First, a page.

William Standish Knowles – designer of chiral catalysts

William Standish Knowles – designer of chiral catalysts

William Standish Knowles – designer of chiral catalysts

Biography & contributions

William Standish Knowles was an American chemist and Nobel laureate born on June 01, 1917 – died on June 13, 2012. Knowles was the receiver of Nobel prize for chirally catalyzed hydrogenation reactions.

Knowles developed one of the first asymmetric hydrogenation catalysts by replacing the achiral triphenylphosphine ligands in Wilkinson's catalyst with chiral phosphine ligands. This experimental catalyst was effective for enantioselective synthesis, achieving a modest 15% enantiomeric excess.

He was also the first to apply enantioselective metal catalysis to industrial-scale synthesis. In the late 1960's, Knowles headed a team seeking to develop a catalyst that could be used to synthesize (make artificially) individual enantiomers of chiral compounds.Knowles helped develop molecules that can catalyze important reactions so that only a desirable pure form without its mirror image is produced.

He made chiral catalysts for a type of reaction called hydrogenation. Knowles's discovery had great significance in chemistry, materials science, biology, and medicine. In particular, his research led to an industrial process for the production of L-3,4-dihydroxyphenylalanine /L-dopa.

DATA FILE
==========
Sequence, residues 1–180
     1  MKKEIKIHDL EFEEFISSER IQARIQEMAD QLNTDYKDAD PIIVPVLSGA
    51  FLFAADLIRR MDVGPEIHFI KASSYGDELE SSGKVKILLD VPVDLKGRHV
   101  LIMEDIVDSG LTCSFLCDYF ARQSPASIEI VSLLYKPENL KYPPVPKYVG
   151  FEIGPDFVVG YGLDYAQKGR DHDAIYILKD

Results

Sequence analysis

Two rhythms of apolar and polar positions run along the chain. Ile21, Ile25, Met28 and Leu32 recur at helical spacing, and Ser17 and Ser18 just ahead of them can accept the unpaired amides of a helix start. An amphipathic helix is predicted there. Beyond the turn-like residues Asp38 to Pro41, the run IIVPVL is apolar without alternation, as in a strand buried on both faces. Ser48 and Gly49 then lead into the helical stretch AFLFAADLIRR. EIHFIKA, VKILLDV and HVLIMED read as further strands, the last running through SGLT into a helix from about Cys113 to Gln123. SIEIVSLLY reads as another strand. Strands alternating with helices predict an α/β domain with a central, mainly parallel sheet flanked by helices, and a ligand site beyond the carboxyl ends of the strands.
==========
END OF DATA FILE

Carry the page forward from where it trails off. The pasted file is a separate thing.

Catalysts are nothing but any substance that increases the rate of a reaction without itself being consumed. Estimates indicate that the economic impact of catalytic processing, including pollution abatement, is $10 trillion annually.

Most solid catalysts are metals or the oxides, sulfides, and halides of metallic elements and of the semimetallic elements boron, aluminum, and silicon. Gaseous and liquid catalysts are commonly used in their pure form or in combination with suitable carriers or solvents. Solid catalysts are commonly dispersed in other substances known as catalyst supports.

In general, catalytic action is a chemical reaction between the catalyst and a reactant, forming chemical intermediates that are able to react more readily with each other or with another reactant, to form the desired end product.

Catalysts may affect the reaction environment favorably, or bind to the reagents to polarize bonds, e.g. acid catalysts for reactions of carbonyl compounds, or form specific intermediates that are not produced naturally, such as osmate esters in osmium tetroxide-catalyzed dihydroxylation of alkenes, or cause dissociation of reagents to reactive forms, such as chemisorbed hydrogen in catalytic hydrogenation.

During the reaction between the chemical intermediates and the reactants, the catalyst is regenerated. The modes of reactions between the catalysts and the reactants vary widely and in solid catalysts are often complex.

Catalyzed reactions form the basis of many industrial chemical processes. Catalyst manufacture is itself a rapidly growing industrial process.

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